Walt’s Been Right This Entire Time

I’m headed back to Disney World this summer for the first time in, well, a long time. More than 35 years, in fact.

Summer of ’76 — Bob and Jackie packed the four of us up in the station wagon and we headed due south. Next stop, the Magic Kingdom. Since that trip, I’ve done Epcot and Universal, but I’ve never been back to the Magic Kingdom.

I don’t have many memories from that trip. And, those that I do have are more centered on the actual trip itself — the stories that a family travelling in a station wagon are destined to have forever.

One of the few memories I have of the actual Magic Kingdom revolve around the “It’s a Small World” ride. I don’t remember it for a great ride. Rather, I remember it for the annoying song that I can still hear in my head — as if I was six-year-old on the ride today.

The point, in case you’re trying to figure this out, is that Walt Disney was right.

It really is a small world.

And, the thing that’s happening now is this — as I get older, the world gets smaller.

At first, I wasn’t a big fan of this notion. Well, both notions, actually – that I’m getting older and that the world is getting smaller.

I can’t fight the age thing, obviously. Though if I could, I certainly would.

But the getting smaller part? I’m a lot more open to this than I would have been just a couple of years ago. Those that know me best, know that I’m actually more shy than social. Hard to believe for some, but 100 percent true.

When I’m in a new situation and/or environment, there are typically two things that help me ‘loosen’ up and become more of my self.

The first usually take the longest. It’s simply a matter of me feeling comfortable in the situation/environment. That could be just becoming more comfortable in the physical space or, more likely, taking my time to get to know new people before letting them know more about me. Before really letting them ‘in.’ Once in, it’s a different story. But it takes a while for me to let someone in. Always has.

The second part of this can get me to my comfort level faster. That’s finding out that, in this new situation/environment, that I actually have a connection with someone there. Usually, you don’t know that connection exists. Maybe it gets discovered in a meeting. Maybe it gets discovered in casual small talk. Either way, when it does, it makes, at least me, anyway, much more comfortable.

Sometimes, that connection is short-term, but it still has a huge impact. One of my previous posts addresses just that situation when I made a deep connection with someone who knew my Dad. I didn’t expect the connection to happen at all — and it came about only through small talk. And thankfully it did, because I still remember that moment fondly. And I know I always will.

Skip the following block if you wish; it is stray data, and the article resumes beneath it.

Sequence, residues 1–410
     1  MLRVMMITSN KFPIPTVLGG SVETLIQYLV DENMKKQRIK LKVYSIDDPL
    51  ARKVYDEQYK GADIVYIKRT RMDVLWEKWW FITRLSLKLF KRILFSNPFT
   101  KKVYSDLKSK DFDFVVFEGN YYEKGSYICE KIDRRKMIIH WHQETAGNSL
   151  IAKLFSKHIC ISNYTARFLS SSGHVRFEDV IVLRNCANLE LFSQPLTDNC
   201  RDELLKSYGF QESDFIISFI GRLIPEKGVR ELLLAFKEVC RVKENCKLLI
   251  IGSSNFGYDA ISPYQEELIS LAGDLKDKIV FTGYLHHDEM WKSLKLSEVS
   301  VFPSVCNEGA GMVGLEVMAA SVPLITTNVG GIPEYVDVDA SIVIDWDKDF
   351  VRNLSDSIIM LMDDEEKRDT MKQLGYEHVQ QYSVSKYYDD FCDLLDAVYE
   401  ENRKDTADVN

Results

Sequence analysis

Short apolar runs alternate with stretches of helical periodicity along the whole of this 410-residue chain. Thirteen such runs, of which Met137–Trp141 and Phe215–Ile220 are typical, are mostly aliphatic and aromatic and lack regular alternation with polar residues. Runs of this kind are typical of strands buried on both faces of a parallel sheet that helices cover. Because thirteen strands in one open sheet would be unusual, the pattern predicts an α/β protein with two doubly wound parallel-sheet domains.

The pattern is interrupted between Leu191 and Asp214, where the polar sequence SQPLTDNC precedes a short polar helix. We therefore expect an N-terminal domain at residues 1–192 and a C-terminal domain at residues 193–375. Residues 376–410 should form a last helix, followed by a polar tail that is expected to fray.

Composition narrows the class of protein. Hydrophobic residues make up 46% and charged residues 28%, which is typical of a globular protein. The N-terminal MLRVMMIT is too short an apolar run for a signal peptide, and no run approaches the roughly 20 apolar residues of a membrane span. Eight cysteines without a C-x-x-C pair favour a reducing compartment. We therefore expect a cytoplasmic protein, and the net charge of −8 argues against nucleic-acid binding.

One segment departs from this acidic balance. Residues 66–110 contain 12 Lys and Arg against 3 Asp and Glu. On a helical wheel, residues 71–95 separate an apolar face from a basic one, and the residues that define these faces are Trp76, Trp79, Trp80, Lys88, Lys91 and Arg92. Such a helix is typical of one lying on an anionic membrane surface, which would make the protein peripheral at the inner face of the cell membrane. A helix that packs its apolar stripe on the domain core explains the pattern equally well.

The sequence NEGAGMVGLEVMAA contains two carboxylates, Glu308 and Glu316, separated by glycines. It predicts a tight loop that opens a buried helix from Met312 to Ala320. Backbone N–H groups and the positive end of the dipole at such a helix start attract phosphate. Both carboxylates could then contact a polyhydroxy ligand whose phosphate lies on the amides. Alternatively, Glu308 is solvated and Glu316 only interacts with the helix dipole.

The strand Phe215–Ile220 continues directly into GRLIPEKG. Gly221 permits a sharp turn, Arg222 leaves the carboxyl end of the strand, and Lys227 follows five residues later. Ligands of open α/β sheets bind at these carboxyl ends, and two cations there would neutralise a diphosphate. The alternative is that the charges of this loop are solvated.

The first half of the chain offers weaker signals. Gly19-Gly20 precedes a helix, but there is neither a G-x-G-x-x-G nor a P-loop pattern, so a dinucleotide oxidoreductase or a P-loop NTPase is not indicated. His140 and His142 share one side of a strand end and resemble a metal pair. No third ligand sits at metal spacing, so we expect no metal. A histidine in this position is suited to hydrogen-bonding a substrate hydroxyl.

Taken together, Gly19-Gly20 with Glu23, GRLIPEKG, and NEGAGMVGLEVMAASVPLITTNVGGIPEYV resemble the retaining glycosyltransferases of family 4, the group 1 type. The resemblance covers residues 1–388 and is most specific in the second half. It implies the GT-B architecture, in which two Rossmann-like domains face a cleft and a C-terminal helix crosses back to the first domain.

Other times, it’s more long-term. And that’s more likely with friends and co-workers. With friends, it’s┬áthat no matter how long it’s been since you’ve communicated, you’ve always got some connection. It doesn’t matter how your life has changed, there’s always something there to bring you back — if you wish. For me, there are two situations here that I don’t want to be brought back. I’ve been hurt enough to want that. However, I can acknowledge that if that ever changed, there’s enough in the background (enough of a connection) to at least have a starting point.

With co-workers, it’s a little more challenging — at least for me. But the beauty of this is when you find the connection, the relationship often times goes from colleague to friend. And that’s what’s cool. My workplace employs nearly 3,000 people. I figured it wouldn’t take too long to make some of these connections. And, well, I was right. Start the conversations strictly about work. Get more comfortable. Learn more and discover a connection — whatever it is. It’s a great feeling when it happens. Because it just means you’ve not only gained the trust of a colleague, you’ve gained the trust of a friend.

And, in the grand scheme of things, there aren’t many things that trump the trust of a friend. That’s always been part of my thing, too. While I don’t necessarily hang in big circles, I do hang in tight circles.

The point of this mess is simple. What’s not simple is how I’ve gone on trying to explain it.

As I get older, the world is becoming smaller. There are more connections. And that’s a good thing. Particularly for someone like me, who doesn’t have any easy time otherwise — believe it or not.

Sometimes, those connections are more — and this isn’t the right word — emotional. What I’m trying to say is that you don’t have to make a connection with someone because you know some of the same people. You can make a connection because of a shared experience, for example. Does that make sense? I hope so.

In that sense, the world becomes smaller because you discover you, believe it or not, aren’t the only one going through something.

The other side of it, though, is making a connection because you do know certain people that someone else knows. You find common ground. In other words, the world gets smaller. There are more connections. There are more shared experiences. It makes sense when you think about it. Person A knows 100 people. Person B knows 100 people. Person A doesn’t necessarily know Person B. However, when they do have a chance to meet, they discover common connections — and that gets the ball rolling.

Usually, at least for me, if the ball gets rolling, good things happen. And, when good things happen, it all ties back to what Walt Disney said years go.

It’s a small world, after all.